I can see the same type of approach used for all kinds of smart munitions to reduce the load on the soldier and the complexity of the weapons.  How about a 40mm anti-air round, basically a little rocket that looks for an aerial target like a helicopter or light aircraft within it's field of view?  Ditto a guided anti-vehicular round for hitting technicals?
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Offline bobbymike

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Re: Future soldier technology (modified thread)
« Reply #9 on: January 07, 2015, 02:11:32 pm »
Wearable energy generation for soldiers

http://ht.ly/GS3jL
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Offline muttbutt

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Re: Future soldier technology (modified thread)
« Reply #10 on: January 30, 2015, 03:51:54 am »
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NDIA SO/LIC 2015: A Look at USSOCOM’s Tactical Assault Light Operator Suit (TALOS) Programme    Always at the forefront of evolving equipment spirals, the Special Operations Forces (SOF) community is witnessing an interesting dichotomy in the development of future protection systems. The past decade of operations has seen SOF operators utilised for a wide range of tasks ranging from direct action raids in complex urban and rural environments in Afghanistan, Iraq and elsewhere, to more cerebral support and influence/surveillance and reconnaissance missions working out of embassies and other governmental/non-governmental organisations.
 It is no surprise that the amount of equipment required for such a diverse range of activities is broad to say the least. However, arguably the most interesting and ongoing development involves a USSOCOM effort, initiated in 2013 by former Commander Adm. Bill McRaven, who became frustrated at hearing of casualties and fatalities taken in the ‘fatal funnel’ stage of a breach of a target building.
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The Tactical Assault Light Operator Suit (TALOS) Programme Current tactics, techniques and procedures (TTPs) see operators ‘stacking up’ outside an entry point before gaining entry and dominating a hallway, room or corridor. However, such choke points have left assaulting troops almost helplessly exposed to small arms fire from opposing forces, sometimes deeply entrenched in the building or compound.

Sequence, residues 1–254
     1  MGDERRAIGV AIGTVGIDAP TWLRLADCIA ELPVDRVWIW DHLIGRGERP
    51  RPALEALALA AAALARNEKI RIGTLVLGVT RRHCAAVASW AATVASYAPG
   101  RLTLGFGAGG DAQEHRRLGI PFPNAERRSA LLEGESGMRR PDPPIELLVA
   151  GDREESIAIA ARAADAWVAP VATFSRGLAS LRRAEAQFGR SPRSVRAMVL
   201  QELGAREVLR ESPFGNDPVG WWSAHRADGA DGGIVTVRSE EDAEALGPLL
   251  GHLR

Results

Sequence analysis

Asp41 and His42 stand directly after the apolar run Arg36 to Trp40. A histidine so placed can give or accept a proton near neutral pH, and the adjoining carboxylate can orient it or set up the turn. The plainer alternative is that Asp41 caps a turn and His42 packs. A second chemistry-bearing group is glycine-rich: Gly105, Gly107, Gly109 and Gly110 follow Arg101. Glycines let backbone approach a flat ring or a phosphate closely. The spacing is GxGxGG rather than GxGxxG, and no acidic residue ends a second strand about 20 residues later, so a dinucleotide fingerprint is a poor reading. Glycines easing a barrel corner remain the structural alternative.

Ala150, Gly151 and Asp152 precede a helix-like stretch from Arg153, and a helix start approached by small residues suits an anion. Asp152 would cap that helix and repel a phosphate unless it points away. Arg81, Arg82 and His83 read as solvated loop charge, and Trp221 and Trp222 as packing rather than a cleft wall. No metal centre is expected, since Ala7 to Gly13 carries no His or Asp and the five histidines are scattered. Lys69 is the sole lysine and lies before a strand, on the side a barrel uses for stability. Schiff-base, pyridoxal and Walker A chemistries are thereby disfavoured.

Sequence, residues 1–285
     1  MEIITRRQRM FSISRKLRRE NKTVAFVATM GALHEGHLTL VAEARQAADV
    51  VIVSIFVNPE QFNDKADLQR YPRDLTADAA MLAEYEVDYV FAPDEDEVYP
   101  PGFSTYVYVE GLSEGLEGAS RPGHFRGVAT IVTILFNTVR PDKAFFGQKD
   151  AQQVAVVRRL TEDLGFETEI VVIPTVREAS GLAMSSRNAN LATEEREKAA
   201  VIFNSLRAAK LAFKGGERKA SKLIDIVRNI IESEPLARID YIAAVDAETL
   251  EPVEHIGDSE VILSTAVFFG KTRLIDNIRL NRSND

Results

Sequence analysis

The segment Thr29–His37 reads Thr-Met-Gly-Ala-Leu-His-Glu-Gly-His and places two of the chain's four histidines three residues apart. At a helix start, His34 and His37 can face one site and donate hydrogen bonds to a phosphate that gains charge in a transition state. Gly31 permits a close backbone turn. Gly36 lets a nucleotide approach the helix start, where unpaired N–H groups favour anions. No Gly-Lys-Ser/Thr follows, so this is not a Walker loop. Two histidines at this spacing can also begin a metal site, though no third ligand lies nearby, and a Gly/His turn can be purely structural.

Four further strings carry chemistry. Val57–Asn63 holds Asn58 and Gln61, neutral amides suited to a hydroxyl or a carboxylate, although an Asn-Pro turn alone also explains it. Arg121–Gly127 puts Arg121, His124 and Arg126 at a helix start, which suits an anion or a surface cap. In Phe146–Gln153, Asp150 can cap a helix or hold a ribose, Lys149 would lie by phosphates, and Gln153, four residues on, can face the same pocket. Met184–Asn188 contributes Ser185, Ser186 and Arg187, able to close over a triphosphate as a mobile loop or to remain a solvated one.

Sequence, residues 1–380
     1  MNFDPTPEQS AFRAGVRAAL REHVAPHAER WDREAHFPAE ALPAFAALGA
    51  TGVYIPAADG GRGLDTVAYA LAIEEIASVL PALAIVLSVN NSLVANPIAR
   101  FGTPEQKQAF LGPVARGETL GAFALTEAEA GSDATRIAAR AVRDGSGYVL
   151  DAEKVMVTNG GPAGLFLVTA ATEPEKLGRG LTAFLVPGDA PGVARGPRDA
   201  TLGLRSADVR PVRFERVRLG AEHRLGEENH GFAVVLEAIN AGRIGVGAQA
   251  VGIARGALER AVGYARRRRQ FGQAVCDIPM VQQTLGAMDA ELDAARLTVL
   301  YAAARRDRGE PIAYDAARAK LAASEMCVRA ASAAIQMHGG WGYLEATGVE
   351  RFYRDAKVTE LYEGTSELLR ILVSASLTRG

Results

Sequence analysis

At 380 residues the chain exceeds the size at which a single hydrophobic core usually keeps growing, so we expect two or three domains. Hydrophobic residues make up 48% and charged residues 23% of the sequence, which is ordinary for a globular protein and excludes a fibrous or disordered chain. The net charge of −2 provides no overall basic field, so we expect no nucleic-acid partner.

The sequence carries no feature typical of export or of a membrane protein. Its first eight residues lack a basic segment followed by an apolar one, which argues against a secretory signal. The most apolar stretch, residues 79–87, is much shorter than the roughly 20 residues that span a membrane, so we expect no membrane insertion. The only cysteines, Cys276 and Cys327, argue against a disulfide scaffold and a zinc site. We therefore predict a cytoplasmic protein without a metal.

McRaven’s idea was to provide an all-encompassing protective suit to almost guarantee a SOF operator the ability to gain entry into a building without the risk of injury or even death.
 
 Known as the Tactical Assault Light Operator Suit (TALOS) programme - SOCOM dislikes any comparison to the Iron Man suit made famous in recent Hollywood films - it aims to provide ballistic protection and C4ISTAR capabilities alongside environmental systems to enable a soldier to operate for long periods of time in a fully-encapsulated suit
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Sources close to USSOCOM revealed to MT that working models of a ‘Gen-1’ TALOS solution had been delivered to the organisation ahead of trials at the US Marines Special Operations Command (MARSOC), at Camp Lejeune, NC, where 10 operators will trial the system over an assault course.
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One such solution offered up by Revision is its Vertical Load Offset System (VLOS), which takes the form of a curved bracket which connects the top of a ballistic helmet to the shoulders of a robotic exoskeleton worn by the same operator, meaning ‘zero weight’ of the helmet is carried by the operator. “It also allows full articulation and range of motion but floats on top of the head and you don’t have that mental drain of a 7lb thing on your head anymore,” Dowling added.
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Protection of the Neck and Facial Areas  According to USSOCOM figures and gunshot wound maps obtained by MT, 36% of injuries inflicted upon SOF operators are likely to wound the neck and facial areas. So, another option which is gaining traction in the community is that of maxillofacial protection, whose additional weight could be offset by systems similar to Revision’s VLOS.
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SOF Operator Body Armour Developments There has also been much movement in body armour as worn by SOF operators, again with substantial moves to reduce size and weight in order to increase mobility. Ballistic plates have gradually evolved into thinner and thinner variants with innovative techniques used to disrupt and fragment incoming rounds.
 
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A lot more at the link.
http://www.miltechmag.com/2015/01/ndia-solic-2015-look-at-ussocoms.html[/q][/q][/q][/q][/q][/q][/q][/q][/q]

Offline muttbutt

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Re: Future soldier technology (modified thread)
« Reply #11 on: January 30, 2015, 03:56:19 am »
 NDIA SO/LIC 2015: USSOCOM Wish List   
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As the world SOF eyes are always on USSOCOM, below is a list of USSOCOM’s wish list of what it is interested in receiving from industry, academia, individuals, and government laboratories capable of providing the design, construction, and testing of SOF related technologies. The intent is to accelerate the delivery of innovative capabilities
More at the link, Power generation, small arms, body armour and guided small weapons ect.